Lawyers vs bankers

Bankers stand head and shoulders above lawyers in the M&A fee stakes but growing deal complexity means the gap is closing

If there is one example that best explains why banks charge so much more than lawyers on M&A it is William Hill and GVC Holdings’ acquisition of Sportingbet (see box). 

Exhibit one of our five example deals is a recent global and high-profile deal that attracted the finest of the City’s professionals, if not the world’s. 

But there was something distinctly unbalanced about the line-up on the multibillion-pound blockbuster. One side had four major banks acting for it. The other had a large roster of bankers, albeit only from two institutions. Each one fielded a massive team – 30 or 40 bankers were acting for each of the two parties in total.


By contrast, the lawyers hunted in far smaller packs. Each side instructed a team led by two partners as well as between one and four associates at any one time, with around 20 associates across a firm involved in some way at some point. But not all at once.

The deal followed the usual style for a transaction of that size. At the banks there are partner-style individuals on both sides covering each base. There is Mr M&A. There is Ms Sector. Mr Corporate Broking, who negotiates with institutional investors and shareholders. Mr Client Relationship, who will have known the company for years and kept on the cocktail trail while deal activity was zero. There will also be someone high up in the bank, say a regional M&A head, who might know the CEO well. Then there is Ms Debt, Ms Equity Capital Markets, maybe even the odd cameo role for the chairman. Deals will be swarming with “senior bobbies”, as one lawyer puts it.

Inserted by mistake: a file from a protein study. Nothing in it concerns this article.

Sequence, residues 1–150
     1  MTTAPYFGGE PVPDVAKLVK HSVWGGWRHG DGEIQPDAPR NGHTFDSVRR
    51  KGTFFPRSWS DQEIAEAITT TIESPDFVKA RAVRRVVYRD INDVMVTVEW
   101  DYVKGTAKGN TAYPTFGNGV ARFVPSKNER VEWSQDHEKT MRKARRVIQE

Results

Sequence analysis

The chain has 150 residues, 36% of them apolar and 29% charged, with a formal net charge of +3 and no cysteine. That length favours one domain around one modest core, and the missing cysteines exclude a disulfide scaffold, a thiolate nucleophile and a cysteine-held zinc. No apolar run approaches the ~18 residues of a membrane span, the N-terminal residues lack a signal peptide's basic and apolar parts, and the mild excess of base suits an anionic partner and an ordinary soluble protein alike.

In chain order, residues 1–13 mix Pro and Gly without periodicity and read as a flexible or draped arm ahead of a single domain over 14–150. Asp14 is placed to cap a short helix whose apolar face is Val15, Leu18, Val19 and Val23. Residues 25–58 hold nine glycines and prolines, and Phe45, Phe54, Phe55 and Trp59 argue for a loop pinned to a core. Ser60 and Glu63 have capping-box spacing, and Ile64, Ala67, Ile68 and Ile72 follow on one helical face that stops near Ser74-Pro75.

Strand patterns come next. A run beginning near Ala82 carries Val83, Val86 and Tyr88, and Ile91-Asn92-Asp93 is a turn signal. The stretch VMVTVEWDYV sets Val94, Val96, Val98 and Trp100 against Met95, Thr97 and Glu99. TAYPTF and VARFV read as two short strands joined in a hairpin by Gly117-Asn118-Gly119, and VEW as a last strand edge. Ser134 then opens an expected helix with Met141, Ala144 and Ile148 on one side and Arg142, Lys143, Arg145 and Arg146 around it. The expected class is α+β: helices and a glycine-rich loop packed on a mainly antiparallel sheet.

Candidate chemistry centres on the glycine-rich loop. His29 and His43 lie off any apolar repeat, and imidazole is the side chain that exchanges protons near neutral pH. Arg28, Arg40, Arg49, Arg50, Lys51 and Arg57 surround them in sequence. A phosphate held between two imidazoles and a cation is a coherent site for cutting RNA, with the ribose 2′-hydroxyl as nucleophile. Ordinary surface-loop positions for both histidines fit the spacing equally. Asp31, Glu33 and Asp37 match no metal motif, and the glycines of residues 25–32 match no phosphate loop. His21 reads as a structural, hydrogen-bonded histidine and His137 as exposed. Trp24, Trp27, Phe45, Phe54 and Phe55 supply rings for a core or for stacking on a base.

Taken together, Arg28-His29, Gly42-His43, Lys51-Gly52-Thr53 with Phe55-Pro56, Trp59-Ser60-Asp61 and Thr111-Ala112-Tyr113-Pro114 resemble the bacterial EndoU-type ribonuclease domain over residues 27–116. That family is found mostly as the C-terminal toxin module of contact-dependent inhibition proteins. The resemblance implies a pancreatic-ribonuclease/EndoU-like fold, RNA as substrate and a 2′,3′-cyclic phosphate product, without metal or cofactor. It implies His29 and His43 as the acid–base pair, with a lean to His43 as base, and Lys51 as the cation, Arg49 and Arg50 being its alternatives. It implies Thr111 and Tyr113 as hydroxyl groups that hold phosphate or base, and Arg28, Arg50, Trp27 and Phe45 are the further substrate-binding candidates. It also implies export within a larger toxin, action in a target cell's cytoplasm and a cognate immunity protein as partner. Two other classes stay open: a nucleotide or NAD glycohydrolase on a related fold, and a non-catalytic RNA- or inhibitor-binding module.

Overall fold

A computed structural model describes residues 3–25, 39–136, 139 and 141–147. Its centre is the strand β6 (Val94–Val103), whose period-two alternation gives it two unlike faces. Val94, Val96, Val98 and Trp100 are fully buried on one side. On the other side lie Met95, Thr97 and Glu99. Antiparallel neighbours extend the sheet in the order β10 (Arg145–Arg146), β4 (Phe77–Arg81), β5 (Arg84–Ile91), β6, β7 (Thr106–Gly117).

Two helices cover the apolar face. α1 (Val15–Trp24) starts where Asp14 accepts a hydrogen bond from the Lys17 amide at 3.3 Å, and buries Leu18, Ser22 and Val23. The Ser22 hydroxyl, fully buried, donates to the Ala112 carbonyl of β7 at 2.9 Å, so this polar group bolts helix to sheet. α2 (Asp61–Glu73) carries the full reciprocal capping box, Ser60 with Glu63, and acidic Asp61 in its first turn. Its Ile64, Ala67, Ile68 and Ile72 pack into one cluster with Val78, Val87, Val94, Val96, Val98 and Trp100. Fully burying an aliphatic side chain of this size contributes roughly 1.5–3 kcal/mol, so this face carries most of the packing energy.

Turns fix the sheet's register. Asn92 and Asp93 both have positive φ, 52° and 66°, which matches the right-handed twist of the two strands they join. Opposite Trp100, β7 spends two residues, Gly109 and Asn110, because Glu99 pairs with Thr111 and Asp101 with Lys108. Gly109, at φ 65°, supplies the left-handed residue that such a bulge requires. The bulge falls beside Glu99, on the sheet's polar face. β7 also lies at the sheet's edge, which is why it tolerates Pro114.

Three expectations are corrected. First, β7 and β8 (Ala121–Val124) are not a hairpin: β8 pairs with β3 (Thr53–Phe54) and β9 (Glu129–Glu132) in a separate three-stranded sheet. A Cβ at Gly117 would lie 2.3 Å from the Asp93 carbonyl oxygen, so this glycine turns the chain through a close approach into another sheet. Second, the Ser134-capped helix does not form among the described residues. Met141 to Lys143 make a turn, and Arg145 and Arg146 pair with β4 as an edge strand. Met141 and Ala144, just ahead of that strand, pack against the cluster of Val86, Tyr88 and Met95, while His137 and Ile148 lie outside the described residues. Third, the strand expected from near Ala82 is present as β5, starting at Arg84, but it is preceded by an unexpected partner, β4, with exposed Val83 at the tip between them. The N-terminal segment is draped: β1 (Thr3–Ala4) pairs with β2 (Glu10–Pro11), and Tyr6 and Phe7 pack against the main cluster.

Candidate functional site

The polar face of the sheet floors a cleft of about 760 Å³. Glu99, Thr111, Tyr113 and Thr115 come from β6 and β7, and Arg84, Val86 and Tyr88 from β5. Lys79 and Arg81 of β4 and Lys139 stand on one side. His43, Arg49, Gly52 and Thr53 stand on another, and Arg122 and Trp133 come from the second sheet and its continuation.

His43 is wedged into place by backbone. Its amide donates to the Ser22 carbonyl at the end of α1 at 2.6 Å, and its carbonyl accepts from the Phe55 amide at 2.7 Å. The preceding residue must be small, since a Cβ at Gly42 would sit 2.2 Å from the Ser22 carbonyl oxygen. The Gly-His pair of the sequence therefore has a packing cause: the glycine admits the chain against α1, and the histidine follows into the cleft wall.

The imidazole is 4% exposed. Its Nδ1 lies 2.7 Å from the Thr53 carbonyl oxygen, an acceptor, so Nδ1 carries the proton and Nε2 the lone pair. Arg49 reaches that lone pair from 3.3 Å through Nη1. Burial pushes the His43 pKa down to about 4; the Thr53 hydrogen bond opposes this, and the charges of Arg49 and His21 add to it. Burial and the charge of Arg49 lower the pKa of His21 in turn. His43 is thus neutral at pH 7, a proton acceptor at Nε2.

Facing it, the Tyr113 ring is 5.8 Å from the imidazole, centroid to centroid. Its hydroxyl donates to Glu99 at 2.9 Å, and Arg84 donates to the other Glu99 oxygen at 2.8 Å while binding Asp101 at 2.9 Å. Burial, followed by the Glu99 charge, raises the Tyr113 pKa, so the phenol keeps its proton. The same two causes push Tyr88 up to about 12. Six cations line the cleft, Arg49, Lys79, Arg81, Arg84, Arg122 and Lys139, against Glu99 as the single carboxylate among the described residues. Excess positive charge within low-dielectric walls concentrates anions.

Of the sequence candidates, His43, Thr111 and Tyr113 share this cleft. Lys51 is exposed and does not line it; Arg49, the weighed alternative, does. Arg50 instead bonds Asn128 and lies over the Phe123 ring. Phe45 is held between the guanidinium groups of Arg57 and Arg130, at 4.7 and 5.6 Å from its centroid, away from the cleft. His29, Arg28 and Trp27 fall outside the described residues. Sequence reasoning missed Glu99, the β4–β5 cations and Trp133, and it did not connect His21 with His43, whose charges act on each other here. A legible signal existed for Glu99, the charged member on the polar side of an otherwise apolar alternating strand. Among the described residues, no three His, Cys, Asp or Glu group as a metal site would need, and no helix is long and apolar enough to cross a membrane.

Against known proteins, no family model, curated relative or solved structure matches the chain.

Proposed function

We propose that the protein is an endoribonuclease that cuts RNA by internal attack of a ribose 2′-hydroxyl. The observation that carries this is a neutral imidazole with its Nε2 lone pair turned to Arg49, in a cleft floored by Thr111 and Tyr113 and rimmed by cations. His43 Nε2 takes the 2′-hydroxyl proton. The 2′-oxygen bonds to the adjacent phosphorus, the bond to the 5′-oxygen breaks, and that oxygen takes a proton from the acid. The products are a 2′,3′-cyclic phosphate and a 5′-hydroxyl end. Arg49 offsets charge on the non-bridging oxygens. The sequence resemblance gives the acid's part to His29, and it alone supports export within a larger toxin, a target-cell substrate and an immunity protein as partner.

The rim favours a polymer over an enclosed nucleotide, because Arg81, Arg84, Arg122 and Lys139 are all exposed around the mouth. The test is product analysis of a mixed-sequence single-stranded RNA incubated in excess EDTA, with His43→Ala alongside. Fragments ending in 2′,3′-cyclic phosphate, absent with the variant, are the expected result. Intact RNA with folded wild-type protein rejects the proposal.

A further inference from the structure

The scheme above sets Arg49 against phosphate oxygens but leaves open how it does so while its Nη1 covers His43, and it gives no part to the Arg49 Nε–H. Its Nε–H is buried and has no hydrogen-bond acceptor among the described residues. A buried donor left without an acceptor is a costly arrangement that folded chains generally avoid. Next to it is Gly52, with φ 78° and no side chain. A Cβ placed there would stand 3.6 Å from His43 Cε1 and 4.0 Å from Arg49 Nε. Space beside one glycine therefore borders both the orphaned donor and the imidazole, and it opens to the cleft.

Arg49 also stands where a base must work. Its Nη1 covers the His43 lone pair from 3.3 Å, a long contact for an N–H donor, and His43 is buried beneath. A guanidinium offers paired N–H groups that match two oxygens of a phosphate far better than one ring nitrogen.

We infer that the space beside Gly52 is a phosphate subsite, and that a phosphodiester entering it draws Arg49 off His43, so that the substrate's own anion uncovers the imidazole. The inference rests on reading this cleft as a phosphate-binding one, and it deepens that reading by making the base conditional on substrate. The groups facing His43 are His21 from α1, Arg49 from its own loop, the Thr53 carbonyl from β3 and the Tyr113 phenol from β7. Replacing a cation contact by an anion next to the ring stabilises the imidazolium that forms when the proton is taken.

Little wonder, then, that lawyers’ fees are dwarfed by the amounts spent on bankers’ advice. Research by The Lawyer, sourced with the aid of sister data provider Perfect Information, shows that financial adviser and brokers’ fees on public M&A for the first six months of 2013 were double the legal fees for the same period, at £46.1m, compared with lawyers’ £26.1m. Brokers’ fees made up 46.4 per cent of all M&A fees and expenses, while legal fees constituted 26.3 per cent of the total figure of £99.3m.

On only four of the six months’ 18 public offers did the legal fees exceed financial advisory fees. Even then, in one of these, the lenders’ £429,000 financial arrangement fees for Dickson Minto client Toscafund and Hogan Lovells client Ares Capital’s joint bid for troubled health and social care recruiter Healthcare Locums, advised by Dentons, tipped the balance in the favour of the banks.

Heavy losses

The sheer size of the numbers in play in the biggest deals means lawyers appear to lose out heavily. Kier Group’s £211.5m acquisition of construction outfit May Gurney Integrated Services (see box) yielded legal fees worth £2.74m to firms including Linklaters for Kier and Eversheds for May Gurney, but this was only 16.5 per cent of the total fees and expenses for that deal of £16.6m, including the £9.2m that went to  bankers – making it the least lucrative for lawyers in comparison with other deal costs, despite being the fourth-biggest-grossing for law firms.

A common argument among senior corporate lawyers is that bankers’ fees have always eclipsed law firms’ fees, but that lawyers are taking a more central role on major deals than they were, with the gap slowly closing.

“Historically, [banks’ fees] have been high,” says one corporate partner. “Ten years ago the investment banks led with the [Takeover] Panel. That’s not the case anymore. I suppose in the purest sense [the banks] are the ones that go in and beat up the target and get the deal. They would say they have to give the cash confirmation so there’s some element of risk there. But of course, lawyers are becoming a bit more flexible.”

Eversheds partner Stephen Nash led for May Gurney on the successful takeover bid by Kier and a previous trumped proposal from Costain Group, earning the bulk of May Gurney’s £1.4m legal fees for the two offers combined.